I'm really looking forwards to the sprints and the chance to work and connect with all our upstreams. We'll be holding a "Live From Pycon" video cast at some point. Details forthcoming. Happy Hacking!

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Fedora Photowall

Sep 04, 2014 | categories: python, fedora View Comments

If you didn't already know it, there is a Fedora Badge for associating a libravatar with your Fedora account.


A fun by-product of having such a thing is that we have a list of FAS usernames of people who have public avatars with predictable URLs. With that, I wrote a script that pulls down that list and assembles a "photo wall" of a random subset. Check it out:


I wrote it as a part of another project that I ended up junking, but the script is neat on its own.

Perhaps we can use it as a splash image for a Fedora website someday (say, next year's Flock site or a future iteration of FAS?). It might make a fun desktop wallpaper, too.

Here's the script if you'd like to re-use and modify. You can tweak the dimensions variable to change the number of rows and columns in the output.

#!/usr/bin/env python
""" fedora-photowall.py - Make a photo montage of Fedora contributors.

 $ sudo yum install python-sh python-beautifulsoup4 python-requests ImageMagick

Usage:   python fedora-photowall.py
Author:  Ralph Bean
License: LGPLv2+


import hashlib
import os
import random
import urllib

import sh
import bs4
import requests

dimensions = (12, 5)

datadir = './data'
avatar_dir = datadir + '/avatars'
montage_dir = datadir + '/montage'

def make_directories():
    except OSError:

    except OSError:

    except OSError:

def avatars(N):
    url = 'https://badges.fedoraproject.org/badge/mugshot/full'
    response = requests.get(url)
    soup = bs4.BeautifulSoup(response.text)
    last_pane = soup.findAll(attrs={'class': 'grid-100'})[-1]
    persons = last_pane.findAll('a')

    persons = random.sample(persons, N)

    for person in persons:
        name = person.text.strip()
        openid = 'http://%s.id.fedoraproject.org/' % name
        hash = hashlib.sha256(openid).hexdigest()
        url = "https://seccdn.libravatar.org/avatar/%s" % hash
        yield (name, url)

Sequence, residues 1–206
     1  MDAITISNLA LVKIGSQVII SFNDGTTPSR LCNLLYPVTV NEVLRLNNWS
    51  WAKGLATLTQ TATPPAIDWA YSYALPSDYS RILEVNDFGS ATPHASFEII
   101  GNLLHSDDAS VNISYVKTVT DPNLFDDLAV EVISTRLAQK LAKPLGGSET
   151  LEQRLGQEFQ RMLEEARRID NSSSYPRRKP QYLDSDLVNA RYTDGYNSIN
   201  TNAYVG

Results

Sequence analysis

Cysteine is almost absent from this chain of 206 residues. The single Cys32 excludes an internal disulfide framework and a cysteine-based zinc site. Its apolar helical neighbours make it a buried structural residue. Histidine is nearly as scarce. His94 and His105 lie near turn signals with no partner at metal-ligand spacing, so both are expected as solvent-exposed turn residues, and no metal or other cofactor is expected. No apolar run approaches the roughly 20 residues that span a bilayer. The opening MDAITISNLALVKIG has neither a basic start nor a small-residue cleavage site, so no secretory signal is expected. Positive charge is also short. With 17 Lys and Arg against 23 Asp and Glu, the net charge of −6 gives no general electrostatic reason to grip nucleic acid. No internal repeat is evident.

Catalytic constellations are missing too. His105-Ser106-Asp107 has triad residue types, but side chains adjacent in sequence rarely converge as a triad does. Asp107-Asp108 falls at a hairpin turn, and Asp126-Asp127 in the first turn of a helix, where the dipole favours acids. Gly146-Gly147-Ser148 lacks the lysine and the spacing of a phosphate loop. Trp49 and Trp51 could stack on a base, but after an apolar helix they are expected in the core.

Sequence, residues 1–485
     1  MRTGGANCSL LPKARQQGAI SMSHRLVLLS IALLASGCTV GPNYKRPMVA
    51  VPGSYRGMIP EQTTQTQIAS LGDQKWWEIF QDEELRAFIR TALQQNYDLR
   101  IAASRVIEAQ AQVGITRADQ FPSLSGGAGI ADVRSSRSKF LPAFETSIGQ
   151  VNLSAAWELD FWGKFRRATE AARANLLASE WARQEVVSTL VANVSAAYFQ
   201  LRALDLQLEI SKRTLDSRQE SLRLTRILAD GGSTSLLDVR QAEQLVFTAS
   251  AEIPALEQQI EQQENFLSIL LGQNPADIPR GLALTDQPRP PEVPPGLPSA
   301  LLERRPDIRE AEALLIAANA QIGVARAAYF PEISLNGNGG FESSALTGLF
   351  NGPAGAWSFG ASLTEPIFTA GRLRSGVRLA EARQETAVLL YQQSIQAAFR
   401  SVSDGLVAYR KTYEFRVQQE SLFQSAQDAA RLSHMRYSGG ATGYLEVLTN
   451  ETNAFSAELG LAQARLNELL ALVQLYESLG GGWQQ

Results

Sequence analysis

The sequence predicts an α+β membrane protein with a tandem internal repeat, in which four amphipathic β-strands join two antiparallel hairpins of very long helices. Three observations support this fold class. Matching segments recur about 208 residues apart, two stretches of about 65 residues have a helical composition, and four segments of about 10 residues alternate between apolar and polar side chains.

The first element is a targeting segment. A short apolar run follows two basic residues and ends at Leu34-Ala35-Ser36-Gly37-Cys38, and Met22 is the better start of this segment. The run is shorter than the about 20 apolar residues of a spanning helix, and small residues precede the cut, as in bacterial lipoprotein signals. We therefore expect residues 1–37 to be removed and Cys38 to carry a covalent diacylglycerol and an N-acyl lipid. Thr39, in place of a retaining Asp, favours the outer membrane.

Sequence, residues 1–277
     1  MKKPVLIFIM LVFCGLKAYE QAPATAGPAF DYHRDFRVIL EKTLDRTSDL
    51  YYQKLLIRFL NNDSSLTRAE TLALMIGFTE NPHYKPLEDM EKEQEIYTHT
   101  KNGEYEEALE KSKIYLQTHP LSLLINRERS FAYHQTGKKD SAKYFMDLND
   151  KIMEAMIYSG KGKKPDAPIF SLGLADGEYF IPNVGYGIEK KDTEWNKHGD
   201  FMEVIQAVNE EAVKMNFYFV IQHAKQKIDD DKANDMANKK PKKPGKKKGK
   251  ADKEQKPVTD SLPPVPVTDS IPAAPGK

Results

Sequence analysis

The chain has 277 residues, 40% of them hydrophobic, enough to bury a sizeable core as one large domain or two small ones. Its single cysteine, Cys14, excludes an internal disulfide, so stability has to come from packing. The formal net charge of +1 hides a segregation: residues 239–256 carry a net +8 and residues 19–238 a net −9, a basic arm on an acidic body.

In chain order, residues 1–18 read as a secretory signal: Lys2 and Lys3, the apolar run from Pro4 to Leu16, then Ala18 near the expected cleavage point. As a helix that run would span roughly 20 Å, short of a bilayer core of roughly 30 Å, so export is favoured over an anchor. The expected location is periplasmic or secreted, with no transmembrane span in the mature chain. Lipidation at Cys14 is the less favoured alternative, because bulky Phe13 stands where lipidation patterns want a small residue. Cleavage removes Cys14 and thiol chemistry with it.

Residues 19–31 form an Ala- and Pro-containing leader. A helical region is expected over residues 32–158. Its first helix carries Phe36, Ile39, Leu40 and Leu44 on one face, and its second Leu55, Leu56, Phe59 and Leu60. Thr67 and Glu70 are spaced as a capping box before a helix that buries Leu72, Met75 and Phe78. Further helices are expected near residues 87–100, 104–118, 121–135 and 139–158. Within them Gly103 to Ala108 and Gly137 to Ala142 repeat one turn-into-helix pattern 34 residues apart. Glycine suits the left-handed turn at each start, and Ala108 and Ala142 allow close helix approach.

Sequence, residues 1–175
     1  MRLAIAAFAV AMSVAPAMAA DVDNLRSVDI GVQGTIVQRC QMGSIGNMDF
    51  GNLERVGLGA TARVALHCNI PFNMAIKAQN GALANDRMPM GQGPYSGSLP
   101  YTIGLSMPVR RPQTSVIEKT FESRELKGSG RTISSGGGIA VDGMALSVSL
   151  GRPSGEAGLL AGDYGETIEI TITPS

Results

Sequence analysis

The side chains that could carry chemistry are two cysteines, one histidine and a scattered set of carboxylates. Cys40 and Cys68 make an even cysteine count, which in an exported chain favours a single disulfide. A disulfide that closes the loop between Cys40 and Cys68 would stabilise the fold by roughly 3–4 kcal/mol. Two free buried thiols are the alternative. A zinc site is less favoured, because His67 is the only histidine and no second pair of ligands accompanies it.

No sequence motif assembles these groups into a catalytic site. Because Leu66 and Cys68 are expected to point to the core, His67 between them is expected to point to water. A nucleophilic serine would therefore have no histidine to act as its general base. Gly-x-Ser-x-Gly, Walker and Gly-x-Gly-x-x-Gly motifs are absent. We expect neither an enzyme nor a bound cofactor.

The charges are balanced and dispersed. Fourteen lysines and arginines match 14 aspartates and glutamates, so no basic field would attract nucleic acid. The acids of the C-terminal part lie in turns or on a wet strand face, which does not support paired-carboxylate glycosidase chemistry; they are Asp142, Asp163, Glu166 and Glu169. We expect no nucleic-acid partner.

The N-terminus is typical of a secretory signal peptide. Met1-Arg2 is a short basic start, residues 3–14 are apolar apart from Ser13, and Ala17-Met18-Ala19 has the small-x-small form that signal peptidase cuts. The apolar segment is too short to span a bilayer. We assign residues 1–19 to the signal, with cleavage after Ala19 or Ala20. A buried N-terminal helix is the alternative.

def make_montage(candidates):
    """ Pull down avatars to disk and stich with imagemagick """

    filenames = []
    for name, url in candidates:
        filename = os.path.join(avatar_dir, name)
        if not os.path.exists(filename):
            print "Grabbing", name, "at", url
            urllib.urlretrieve(url, filename=filename)
            print "Already have", name, "at", filename

    args = filenames + [montage_dir + '/montage.png']
    sh.montage('-tile', '%ix%i' % dimensions, '-geometry', '+0+0', *args)
    print "Output in", montage_dir

def main():
    N = dimensions[0] * dimensions[1]
    candidates = avatars(N)

if __name__ == '__main__':

And another example of output:



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A tiny optimization

Sep 03, 2013 | categories: python, nitpicking, fedora View Comments

Talking over a pull request with @pypingou, we found that this one method of constructing a set from a list of stripped strings was slightly faster than another:

#!/usr/bin/env python
""" Timing stuff.

    $ python timeittest.py
    set(map(str.strip, ['wat '] * 200))
    set([s.strip() for s in ['wat '] * 200])

import timeit

def measure(stmt):
    print stmt
    results = timeit.timeit(stmt)
    print results

measure("set(map(str.strip, ['wat '] * 200))")
measure("set([s.strip() for s in ['wat '] * 200])")

Admission: Pierre bullied me into blogging about this!

UPDATE: Folks in the comments recommended using a generator or itertools.imap. The results are significantly better. Here they are:

import itertools; [s.strip() for s in ['wat '] * 200]
import itertools; (s.strip() for s in ['wat '] * 200)
import itertools; map(str.strip, ['wat '] * 200)
import itertools; itertools.imap(str.strip, ['wat '] * 200)

UPDATE (again): Comments further reveal that the update above is misleading -- the generators aren't actually doing any work there. If we force them to spin out, we get results like these:

import itertools; set([s.strip() for s in ['wat '] * 200])
import itertools; set((s.strip() for s in ['wat '] * 200))
import itertools; set(map(str.strip, ['wat '] * 200))
import itertools; set(itertools.imap(str.strip, ['wat '] * 200))

No clear benefit for use of imap or generators.